“I really hope you can do this, Rain,” Sorin said. “Ah, what am I saying? I know that you can.”




[18th of November, 2740 AD; Dia Kuu’s house, downtown Admorse, Ameci – Wyse District]


Henry went and visited the mother of Johan Kuu at her house in Admorse. She had personally requested him after she had heard about his relation to her son. It was in the afternoon when Henry decided to stop by and pay her some time, entering the front yard and walking up to the door. He was about to ring the doorbell, but the door soon opened and revealed a woman of average height and brown hair just like Johan’s.

“Henry Randolph?”

Henry nodded. “That would be me, ma’am,” he said. “You’re Dia Kuu, I take it? What was it that you wanted to speak to me about?”

Dia propped the door open all the way. “Come in,” she said. “I don’t feel comfortable talking with you outside.”

“As you wish,” Henry said.

He followed her inside the house. Inside was a stillness that Henry felt was unsettling. There was a radio nearby on the table in the main hallway, but it was not turned on. Henry continued to follow Dia until they were in the living room. A few steps later, Henry made it to the couch and sat down while Dia took a seat across from him.

“Do you want anything?” Dia asked.

“No thank you,” Henry replied. “I want to offer my condolences. If I had known about Johan sooner, I would have done something to prevent his death. I’m very sorry.”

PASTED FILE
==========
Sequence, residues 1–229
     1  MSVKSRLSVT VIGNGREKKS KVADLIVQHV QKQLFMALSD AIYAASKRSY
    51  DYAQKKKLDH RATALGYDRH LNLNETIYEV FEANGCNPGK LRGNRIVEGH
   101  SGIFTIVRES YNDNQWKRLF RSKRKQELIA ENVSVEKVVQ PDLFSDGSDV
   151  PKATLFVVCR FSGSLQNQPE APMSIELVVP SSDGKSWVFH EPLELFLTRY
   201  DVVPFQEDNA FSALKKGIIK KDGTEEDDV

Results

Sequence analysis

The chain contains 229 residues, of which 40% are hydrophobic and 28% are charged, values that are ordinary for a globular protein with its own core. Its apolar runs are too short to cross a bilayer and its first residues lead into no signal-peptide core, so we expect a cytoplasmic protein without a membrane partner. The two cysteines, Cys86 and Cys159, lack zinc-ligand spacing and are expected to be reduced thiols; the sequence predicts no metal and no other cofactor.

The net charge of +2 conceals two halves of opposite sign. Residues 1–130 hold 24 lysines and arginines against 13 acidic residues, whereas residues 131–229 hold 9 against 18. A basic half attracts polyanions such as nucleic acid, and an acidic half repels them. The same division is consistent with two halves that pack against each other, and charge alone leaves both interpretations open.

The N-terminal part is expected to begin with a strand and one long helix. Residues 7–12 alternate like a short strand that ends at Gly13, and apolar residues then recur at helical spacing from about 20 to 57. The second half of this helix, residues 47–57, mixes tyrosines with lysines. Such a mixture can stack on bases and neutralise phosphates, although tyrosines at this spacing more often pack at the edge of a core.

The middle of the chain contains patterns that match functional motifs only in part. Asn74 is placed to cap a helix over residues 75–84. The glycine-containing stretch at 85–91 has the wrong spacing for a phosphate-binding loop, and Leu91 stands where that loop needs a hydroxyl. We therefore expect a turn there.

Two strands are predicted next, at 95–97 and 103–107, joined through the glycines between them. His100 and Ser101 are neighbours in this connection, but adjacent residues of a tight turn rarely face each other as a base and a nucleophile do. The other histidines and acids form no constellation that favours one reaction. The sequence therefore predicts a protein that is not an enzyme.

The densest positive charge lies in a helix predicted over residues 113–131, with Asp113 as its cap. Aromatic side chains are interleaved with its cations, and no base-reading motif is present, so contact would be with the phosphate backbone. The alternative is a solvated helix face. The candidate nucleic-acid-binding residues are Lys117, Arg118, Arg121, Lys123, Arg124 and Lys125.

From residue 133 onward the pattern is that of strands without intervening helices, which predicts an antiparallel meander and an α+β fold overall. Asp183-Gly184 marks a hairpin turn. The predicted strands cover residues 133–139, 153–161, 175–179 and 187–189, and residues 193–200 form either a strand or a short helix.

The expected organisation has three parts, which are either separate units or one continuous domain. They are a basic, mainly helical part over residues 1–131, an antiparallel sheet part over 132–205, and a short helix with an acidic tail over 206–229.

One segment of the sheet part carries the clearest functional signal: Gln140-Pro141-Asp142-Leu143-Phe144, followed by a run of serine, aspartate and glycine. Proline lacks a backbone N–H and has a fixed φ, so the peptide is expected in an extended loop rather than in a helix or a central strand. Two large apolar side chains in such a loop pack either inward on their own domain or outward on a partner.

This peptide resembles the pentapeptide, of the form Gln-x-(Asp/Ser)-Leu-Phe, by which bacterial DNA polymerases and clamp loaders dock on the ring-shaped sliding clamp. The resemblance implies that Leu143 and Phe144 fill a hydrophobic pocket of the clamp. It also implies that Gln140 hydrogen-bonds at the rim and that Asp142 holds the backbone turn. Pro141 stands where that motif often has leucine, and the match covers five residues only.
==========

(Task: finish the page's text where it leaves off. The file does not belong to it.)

“You don’t… You don’t have to do that,” Dia said. “I understand what has happened and I know that this world is cruel. I… I just wish I could have heard from him one last time…”

“I know,” Henry said. “This must be tough, what with losing both your husband and your son to war…”

Dia shook her head and looked down. “It has been twelve years since Voitto died,” she said. “You were one of the two survivors of that attack, weren’t you? I would hope that you understood the pain that Johan and I had felt.”

“Yeah, I think I do,” he replied. “It seemed as if Johan intended to carry out his own personal agenda… Not even for one second could I have believed that he would have ever worked with the likes of the Neu Thekohnian Order.”

“Is that what you believe?” Dia asked. “Or did the general tell you to say that to me?”

“Well, you were the one who called me here,” Henry replied. “Besides, I no longer serve in the Ameci military.”

Dia looked up and at him. “Is that so?”

“This battle is over,” Henry said. “I’m not getting any younger and I need to move on to making this country a better place.”

“That must be nice,” Dia said.

“One day, I want to make it so that people like you won’t be left behind,” Henry told her. “I know the feeling all too well and it’s about time we started paying attention to those less fortunate.”

“Well, if that’s what you’re going to do, I can’t stop you, now can I,” Dia said. “Anyway, there was something that I needed to ask you about. Something of Johan’s that I hoped you brought with you.”

“Of course,” Henry said. “I didn’t forget it.”

He reached into his coat pocket and produced a framed photograph. Inside the frame was a picture of Johan when he was younger and his father, Voitto. He handed the frame over to Dia, who took one look at it and held it tightly against her chest.

“I’ll always have this,” she said. “Thank you, Mr. Randolph.”

“You’re welcome,” Henry replied. “I hope you will be okay…”

“I’ll be fine,” Dia said. “Please… if you will…”

“Oh, yeah, of course,” Henry said, standing up. “Thank you for inviting me over to your house, Mrs. Kuu.”

He made his way out of the living room and said goodbye to Dia. Henry then left the house knowing that he had made her life somewhat more bearable after the loss of her son. What this meant now was that Henry was even more motivated to move forward towards his new path. He would have to get started soon if he wanted to become the mayor of Admorse.


To be continued…